Made in the region now known as Nigeria, these figures show the advanced metalworking skill of Edo craftsman.
British Museum, donated by the Secretary of State for Foreign Affairs.
The Old Plantation
John Rose (American, 1752/3–1820)
Details of this image show the transference of West African culture to colonial America, including the use of the banjo.
Abby Aldrich Rockefeller Folk Art Museum, Colonial Williamsburg Foundation, Williamsburg, VA.
Musician Bo Diddley
A noted blues musician, Bo Diddley (1928-2008) developed a signature beat, now named after him.
Glasshouse Images / Alamy Stock Photo.
Jitterbugging in Harlem
Taken in dance hall in Harlem, this image captures the exuberance of the jitterbug dancers.
Museum of the City of New York / GRANGER — All rights reserved.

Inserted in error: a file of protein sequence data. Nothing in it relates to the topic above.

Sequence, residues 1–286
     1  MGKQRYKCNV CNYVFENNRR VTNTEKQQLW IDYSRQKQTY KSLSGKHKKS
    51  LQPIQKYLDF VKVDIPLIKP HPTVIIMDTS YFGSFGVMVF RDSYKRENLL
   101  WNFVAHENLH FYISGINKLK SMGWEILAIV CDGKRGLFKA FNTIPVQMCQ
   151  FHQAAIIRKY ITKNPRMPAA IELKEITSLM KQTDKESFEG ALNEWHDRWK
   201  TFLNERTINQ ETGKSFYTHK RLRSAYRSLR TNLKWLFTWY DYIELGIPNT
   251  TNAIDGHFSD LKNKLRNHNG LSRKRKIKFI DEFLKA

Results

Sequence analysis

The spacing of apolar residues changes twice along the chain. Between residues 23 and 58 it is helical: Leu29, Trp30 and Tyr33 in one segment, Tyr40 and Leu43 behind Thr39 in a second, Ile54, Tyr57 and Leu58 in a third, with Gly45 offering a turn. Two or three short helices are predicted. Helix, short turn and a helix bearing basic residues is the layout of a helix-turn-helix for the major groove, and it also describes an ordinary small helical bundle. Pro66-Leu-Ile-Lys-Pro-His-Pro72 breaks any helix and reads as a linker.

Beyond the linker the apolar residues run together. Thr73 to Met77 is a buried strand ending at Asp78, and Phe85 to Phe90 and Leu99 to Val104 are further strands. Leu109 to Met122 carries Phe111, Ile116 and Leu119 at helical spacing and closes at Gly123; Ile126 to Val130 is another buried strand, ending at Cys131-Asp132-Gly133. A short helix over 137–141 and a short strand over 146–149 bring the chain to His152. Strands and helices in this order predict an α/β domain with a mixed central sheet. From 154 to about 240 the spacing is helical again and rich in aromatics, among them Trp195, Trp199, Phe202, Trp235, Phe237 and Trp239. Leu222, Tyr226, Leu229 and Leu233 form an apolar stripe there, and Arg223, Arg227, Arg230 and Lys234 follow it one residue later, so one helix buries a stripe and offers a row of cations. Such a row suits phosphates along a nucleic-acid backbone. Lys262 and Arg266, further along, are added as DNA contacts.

Alan Fisher (American, active 1938)
This photograph, taken from the balcony overlooking a convention or dance, shows several couples dancing the jitterbug.
New York World-Telegram and the Sun Newspaper Photograph Collection, Library of Congress Prints and Photographs Division Washington, D.C. 20540 USA.
A student created this artwork, a representation of the trickster spider Anansi, a recurring character in West African folklore.
Meta Vaux Warrick Fuller (American, 1877–1968)
African-American artist Meta Vaux Warrick Fuller took inspiration from folktale of The Talking Skull. The Philadelphia-born artist achieved advanced training and recognition in Paris for her sculptures. A friend, noted sociologist and activist W.E.B. Dubois, urged her to draw upon African and African-American themes in her work.
Museum of African American History, Boston and Nantucket.
Produced by Historic Hudson Valley for People Not Property: Stories of Slavery in the Colonial North Interactive Documentary.
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